You may think a writer has every imaginable book at hand to research writing. You’d be wrong. That’s definitely not the case for me. I am writing four separate genres of science fiction, each a ~punk: steam, diesel, atom and cyber.
So this requires knowledge at my fingertips of four separate times: Victorian, the 60s-70s, World War II and the future. I have a decent set of books to cover Victoriana (for now!) but WWII and the recent past were oddly never my bag.
So here I am with a dieselpunk tale in Wattpad updated every second to third week.
And I have Nada for WWII data. What’s an indie author to do?
Visit half com. Start with this:


My story involves NY home of Salem a county NJ being invaded by robots. That’s the simplified version. It will get more complex over time. But my main force against the bad guys (er, things) so far has been a super Chevy and a transforming modified P-47 (called an S-47E or Milkman).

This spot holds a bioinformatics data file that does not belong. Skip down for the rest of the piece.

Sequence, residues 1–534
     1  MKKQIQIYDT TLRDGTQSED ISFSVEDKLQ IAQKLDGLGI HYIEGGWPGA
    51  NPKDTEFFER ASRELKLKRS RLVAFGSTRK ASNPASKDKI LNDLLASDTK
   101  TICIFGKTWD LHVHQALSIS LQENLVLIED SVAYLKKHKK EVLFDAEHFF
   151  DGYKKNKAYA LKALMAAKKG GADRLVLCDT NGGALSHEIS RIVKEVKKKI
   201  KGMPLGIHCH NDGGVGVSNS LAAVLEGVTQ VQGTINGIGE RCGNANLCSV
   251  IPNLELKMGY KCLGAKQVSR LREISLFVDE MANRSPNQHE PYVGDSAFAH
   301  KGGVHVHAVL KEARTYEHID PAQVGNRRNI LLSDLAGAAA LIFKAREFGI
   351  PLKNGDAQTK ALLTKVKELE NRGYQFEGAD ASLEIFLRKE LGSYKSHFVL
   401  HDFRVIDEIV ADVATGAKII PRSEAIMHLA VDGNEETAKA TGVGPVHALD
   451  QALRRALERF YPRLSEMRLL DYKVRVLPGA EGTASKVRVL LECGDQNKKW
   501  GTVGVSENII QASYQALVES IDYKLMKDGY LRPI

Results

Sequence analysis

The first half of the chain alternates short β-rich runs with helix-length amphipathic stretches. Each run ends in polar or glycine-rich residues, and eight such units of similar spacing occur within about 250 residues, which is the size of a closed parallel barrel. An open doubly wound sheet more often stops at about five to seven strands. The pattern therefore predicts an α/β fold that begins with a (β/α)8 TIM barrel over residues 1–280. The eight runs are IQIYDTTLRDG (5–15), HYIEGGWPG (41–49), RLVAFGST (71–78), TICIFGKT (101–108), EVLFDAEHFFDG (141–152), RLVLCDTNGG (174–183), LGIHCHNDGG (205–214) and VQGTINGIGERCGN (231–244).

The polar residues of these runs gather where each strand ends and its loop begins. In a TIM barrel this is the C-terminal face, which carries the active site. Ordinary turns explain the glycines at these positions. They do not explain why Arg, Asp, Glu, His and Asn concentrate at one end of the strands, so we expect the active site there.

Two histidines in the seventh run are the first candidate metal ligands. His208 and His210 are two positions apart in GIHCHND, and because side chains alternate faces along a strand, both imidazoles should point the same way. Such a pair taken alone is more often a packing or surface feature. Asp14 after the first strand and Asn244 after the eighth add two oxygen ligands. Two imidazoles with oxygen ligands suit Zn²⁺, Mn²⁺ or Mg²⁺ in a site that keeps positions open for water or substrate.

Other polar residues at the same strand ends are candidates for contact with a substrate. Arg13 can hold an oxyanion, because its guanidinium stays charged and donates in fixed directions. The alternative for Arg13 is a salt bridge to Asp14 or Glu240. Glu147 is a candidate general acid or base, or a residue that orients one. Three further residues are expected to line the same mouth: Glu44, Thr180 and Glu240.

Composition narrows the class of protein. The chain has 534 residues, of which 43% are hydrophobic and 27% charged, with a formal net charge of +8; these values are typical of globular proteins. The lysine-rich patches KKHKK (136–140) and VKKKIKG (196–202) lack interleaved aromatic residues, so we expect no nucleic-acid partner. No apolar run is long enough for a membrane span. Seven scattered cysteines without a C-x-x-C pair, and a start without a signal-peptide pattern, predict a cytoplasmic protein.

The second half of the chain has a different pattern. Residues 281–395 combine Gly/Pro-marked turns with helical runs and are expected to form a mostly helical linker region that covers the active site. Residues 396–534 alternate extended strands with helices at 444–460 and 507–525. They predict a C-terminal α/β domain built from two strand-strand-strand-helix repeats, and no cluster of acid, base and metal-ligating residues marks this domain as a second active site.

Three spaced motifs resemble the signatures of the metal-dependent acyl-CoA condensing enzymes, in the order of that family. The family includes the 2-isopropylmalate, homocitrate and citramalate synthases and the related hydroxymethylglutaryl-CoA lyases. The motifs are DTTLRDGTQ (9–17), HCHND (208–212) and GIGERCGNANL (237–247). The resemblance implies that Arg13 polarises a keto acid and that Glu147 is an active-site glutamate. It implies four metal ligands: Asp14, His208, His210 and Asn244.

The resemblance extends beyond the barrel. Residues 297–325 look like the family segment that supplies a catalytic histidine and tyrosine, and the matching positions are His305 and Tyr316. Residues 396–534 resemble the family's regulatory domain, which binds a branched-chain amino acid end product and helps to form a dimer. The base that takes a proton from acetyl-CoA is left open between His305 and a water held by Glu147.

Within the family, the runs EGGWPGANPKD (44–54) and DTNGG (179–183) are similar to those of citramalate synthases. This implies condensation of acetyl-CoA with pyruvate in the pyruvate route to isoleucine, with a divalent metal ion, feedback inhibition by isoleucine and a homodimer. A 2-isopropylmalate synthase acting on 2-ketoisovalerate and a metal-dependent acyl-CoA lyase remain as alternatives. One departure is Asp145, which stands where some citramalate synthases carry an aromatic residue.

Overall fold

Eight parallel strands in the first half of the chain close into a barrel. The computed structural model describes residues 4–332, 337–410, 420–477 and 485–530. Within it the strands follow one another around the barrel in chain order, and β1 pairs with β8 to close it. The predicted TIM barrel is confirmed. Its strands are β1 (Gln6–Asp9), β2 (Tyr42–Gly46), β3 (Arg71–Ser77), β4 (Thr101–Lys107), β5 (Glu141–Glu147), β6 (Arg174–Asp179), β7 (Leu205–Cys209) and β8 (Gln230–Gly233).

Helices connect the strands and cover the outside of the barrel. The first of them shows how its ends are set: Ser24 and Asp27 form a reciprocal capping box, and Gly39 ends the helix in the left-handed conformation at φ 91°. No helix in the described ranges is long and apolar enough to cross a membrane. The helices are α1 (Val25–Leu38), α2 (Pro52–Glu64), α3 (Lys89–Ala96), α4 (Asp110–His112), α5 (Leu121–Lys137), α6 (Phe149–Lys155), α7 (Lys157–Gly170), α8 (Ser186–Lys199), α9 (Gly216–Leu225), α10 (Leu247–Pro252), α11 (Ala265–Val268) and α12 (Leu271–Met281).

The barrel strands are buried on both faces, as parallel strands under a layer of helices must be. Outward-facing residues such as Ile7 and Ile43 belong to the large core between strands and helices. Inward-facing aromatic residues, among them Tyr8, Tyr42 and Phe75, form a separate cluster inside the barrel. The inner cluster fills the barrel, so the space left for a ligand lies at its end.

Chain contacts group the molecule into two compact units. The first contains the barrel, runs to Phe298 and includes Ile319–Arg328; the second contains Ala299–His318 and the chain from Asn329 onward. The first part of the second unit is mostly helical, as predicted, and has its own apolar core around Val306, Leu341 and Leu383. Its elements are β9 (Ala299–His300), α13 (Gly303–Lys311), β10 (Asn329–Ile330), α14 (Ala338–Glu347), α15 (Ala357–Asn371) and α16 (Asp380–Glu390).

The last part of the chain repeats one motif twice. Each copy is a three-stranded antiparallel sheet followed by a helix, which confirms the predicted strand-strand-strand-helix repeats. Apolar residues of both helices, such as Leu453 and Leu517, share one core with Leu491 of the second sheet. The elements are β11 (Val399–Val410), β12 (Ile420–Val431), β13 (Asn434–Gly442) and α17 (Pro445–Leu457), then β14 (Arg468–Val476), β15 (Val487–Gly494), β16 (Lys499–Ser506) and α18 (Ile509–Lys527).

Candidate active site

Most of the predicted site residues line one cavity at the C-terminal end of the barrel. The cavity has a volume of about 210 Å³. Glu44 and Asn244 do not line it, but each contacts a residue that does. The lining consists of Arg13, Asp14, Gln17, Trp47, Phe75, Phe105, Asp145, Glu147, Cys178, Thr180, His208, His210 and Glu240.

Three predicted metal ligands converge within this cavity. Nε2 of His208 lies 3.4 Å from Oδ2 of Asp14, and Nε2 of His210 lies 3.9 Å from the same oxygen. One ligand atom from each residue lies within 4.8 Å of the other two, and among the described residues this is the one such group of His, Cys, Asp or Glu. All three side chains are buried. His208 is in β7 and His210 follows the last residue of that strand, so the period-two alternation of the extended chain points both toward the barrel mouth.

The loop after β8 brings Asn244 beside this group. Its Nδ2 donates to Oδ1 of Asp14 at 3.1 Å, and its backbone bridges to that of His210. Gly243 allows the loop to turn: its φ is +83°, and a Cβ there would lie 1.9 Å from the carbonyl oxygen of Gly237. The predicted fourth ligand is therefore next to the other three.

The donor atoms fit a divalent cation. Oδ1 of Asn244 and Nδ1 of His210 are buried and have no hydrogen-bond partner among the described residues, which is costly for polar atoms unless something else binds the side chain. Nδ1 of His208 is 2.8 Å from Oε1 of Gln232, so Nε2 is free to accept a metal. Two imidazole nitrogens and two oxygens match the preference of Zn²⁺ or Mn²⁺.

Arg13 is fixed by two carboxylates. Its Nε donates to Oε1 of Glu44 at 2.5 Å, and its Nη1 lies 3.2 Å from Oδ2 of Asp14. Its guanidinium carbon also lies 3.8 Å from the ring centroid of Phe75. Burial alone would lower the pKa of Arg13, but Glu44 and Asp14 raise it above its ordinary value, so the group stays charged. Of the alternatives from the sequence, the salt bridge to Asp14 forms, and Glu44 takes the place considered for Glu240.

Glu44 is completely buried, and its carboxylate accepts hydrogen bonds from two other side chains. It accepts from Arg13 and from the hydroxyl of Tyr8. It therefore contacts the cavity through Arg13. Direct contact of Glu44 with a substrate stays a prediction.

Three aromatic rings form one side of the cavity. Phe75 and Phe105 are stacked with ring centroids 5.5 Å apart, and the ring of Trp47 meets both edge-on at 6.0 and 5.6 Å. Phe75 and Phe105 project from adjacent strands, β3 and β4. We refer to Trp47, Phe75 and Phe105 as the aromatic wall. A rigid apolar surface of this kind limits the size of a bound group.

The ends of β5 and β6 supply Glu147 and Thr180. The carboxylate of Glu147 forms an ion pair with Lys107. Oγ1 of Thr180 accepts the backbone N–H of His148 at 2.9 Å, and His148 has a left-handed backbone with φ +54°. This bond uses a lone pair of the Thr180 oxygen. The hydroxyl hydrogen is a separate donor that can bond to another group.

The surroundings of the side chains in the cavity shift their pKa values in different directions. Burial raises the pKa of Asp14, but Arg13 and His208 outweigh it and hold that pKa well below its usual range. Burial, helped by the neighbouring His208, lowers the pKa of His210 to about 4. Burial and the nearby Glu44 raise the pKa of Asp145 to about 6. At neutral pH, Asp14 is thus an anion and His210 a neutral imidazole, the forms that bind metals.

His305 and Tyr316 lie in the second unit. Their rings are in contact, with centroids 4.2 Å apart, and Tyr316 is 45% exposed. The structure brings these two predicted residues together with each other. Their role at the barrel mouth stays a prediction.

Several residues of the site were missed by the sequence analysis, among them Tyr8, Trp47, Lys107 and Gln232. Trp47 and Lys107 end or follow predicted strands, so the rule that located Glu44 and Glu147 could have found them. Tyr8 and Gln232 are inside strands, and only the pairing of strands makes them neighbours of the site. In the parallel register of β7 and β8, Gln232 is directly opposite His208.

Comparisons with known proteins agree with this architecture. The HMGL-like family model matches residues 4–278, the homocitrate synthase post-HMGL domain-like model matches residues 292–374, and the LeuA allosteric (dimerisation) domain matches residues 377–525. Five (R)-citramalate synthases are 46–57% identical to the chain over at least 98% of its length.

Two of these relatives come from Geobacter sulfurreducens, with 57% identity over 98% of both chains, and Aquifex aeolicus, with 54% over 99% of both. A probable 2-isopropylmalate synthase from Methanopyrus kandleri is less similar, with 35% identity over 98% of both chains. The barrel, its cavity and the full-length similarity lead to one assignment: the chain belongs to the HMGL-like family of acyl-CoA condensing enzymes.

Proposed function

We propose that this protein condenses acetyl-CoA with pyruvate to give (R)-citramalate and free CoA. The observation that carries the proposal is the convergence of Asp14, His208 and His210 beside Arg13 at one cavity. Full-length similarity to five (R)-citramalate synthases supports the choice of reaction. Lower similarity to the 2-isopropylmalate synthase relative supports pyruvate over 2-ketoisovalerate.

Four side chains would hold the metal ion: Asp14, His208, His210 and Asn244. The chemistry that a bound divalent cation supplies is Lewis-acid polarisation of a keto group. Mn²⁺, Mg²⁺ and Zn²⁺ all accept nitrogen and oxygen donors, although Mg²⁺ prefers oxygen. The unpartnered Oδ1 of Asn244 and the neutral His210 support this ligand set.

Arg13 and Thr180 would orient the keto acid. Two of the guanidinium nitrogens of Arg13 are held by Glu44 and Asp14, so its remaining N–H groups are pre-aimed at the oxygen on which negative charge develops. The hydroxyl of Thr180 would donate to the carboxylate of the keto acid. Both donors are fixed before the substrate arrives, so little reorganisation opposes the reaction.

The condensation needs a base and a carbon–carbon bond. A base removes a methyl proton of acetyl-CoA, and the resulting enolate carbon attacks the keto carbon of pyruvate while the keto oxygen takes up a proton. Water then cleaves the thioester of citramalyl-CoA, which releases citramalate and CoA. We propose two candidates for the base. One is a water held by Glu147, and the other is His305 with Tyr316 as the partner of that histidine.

Soon I’ll need more players. It is a war within a war after all. I know of a few WWII era planes but only a few. This book lists most if not all, growing my toy box exponentially. Chapters Six and Seven of my story hinted at pilots soon to come. What will they be flying? Hmm…
This brings me to thinking about dieselpunk and alternate history in general. My other stories depict adventures in worlds already changed by crazy circumstances.
With Down Jersey Driveshaft, I wanted to do two things differently:
1. Make the tale local. This not only makes up for other stories out west and across the Delaware River, but allows me to dig into Salem history, something I forget to do with other things on my mind. With the abandoned buildings we have now and unemployment rate, Salem is vastly different now than it was in 1944!
2. I want a world where the changes are only beginning. People haven’t found out the truth yet. Life is diesel powered, not PUNK just yet. The changes will be shown gradually as WWII comes to the home front and morphs into a national sickness. So that makes my version of dieselpunk more nascent, waiting to blow up into the smoky, dirty chugging thing we all know and love. It’s a localized situation, but how long can our heroes contain it?
Fighters and bombers and robots. Oh my.


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